Biography of Elizabeth Barrett Browning

Elizabeth Barrett Browning was born in Coxhoe Hall, Durham, England in March of 1806. Her family had been living in Jamaica for over one hundred years before she was born and had become quite wealthy. They were the owners of a number of large estates throughout northern Jamaica, as well as sugar plantations and workshops. 


Early Life

She was the first of twelve children born to Edward Barrett Moulton Barrett and Mary Graham Clarke. Her childhood was a pleasant one; she spent time riding horses and walking in the country. In the early 1800s the family moved to Hope End in Ledbury, Herefordhire. It was here that her father built a Turkish inspired mansion for the family. 

Browning was educated at home and began writing poetry at the age of four. She was an outgoing child, dedicated to her studies. During these early years her family compiled her poems into a work titled, Poems by Elizabeth B. Barrett. It was also around this time that she began to deal with an illness which is still to this day unknown. She had intense headaches and spinal pain which degraded her mobility. The illness followed her for the rest of her life.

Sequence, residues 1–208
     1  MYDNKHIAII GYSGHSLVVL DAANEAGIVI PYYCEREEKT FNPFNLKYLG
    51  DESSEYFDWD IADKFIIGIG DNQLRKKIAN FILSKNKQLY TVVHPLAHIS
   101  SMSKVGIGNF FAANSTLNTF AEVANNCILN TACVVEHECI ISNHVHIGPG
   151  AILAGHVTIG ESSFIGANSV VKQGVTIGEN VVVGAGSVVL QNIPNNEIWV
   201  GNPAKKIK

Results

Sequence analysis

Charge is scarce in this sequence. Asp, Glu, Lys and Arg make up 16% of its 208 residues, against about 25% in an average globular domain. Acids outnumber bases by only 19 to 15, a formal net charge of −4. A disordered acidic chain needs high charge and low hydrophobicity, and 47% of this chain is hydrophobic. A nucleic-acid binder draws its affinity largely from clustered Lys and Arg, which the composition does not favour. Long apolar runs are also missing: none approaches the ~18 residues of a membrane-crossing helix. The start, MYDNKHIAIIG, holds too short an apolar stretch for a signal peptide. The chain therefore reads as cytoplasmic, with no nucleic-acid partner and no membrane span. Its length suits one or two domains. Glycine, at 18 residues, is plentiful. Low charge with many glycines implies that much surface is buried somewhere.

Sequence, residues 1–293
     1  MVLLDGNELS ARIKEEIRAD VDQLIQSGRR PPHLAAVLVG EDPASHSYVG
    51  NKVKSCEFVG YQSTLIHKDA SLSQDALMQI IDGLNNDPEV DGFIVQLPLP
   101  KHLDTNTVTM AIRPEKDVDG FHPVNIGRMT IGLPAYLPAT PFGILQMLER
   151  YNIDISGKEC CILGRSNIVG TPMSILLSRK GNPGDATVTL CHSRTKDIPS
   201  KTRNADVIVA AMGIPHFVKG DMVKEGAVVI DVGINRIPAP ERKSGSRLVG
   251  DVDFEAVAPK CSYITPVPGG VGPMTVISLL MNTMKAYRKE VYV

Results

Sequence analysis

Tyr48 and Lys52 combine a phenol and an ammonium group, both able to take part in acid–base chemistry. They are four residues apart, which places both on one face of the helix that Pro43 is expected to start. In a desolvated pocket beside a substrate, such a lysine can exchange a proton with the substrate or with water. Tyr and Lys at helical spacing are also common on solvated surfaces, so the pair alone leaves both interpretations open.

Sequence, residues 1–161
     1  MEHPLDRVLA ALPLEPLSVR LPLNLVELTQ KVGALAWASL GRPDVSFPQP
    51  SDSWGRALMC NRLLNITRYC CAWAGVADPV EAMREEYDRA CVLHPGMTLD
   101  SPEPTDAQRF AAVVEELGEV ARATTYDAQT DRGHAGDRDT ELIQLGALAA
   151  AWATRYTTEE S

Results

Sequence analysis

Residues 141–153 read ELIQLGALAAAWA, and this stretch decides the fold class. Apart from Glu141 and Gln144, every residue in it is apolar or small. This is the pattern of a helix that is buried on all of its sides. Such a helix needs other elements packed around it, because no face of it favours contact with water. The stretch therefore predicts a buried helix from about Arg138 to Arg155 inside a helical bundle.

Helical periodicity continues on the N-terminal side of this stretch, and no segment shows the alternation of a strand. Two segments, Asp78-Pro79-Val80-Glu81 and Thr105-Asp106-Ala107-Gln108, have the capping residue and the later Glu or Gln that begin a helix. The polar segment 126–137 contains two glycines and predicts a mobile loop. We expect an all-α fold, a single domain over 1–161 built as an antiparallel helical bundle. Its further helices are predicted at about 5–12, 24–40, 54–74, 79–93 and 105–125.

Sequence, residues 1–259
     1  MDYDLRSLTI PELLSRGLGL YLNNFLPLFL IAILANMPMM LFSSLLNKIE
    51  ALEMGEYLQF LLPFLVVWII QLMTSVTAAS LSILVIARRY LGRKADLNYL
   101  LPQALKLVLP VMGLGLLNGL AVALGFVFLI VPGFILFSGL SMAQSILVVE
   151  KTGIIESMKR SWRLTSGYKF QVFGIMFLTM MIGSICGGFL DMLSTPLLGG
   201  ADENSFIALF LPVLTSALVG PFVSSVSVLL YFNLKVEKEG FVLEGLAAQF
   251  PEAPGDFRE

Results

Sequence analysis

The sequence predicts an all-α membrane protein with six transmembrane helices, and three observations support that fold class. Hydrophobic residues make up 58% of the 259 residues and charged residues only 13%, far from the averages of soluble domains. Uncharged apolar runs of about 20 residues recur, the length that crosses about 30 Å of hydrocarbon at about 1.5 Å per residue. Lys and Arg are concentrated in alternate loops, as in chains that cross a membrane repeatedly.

Browning’s mother died in 1828 and was soon followed by her grandmother. It was also during this time period that the abolition of slavery was causing the family to lose a great deal of wealth. They had to sell their home, Hope End, and Browning ended up living in Belle Vue in Sidmouth. 


Literary Career

During the early 1840s Browning wrote a great deal. She published the poem ‘The Cry of the Children’ in Blackwoods, a work which was focused on the condemnation of child labor. In 1844 she published two volumes of her work Poems, as well as two essays in The Athenaeum. She was a candidate for poet laureate alongside Tennyson in 1850 and was considered one of Britain’s best-loved and prolific poets. 

Elizabeth Barrett Browning married Robert Browning in September of 1846. The two lived in Italy for the rest of Elizabeth’s life. Browning’s health began to decline in the early 1860s. She had developed what might have been tuberculous ulceration of the lungs. Browning died in June of 1861. 

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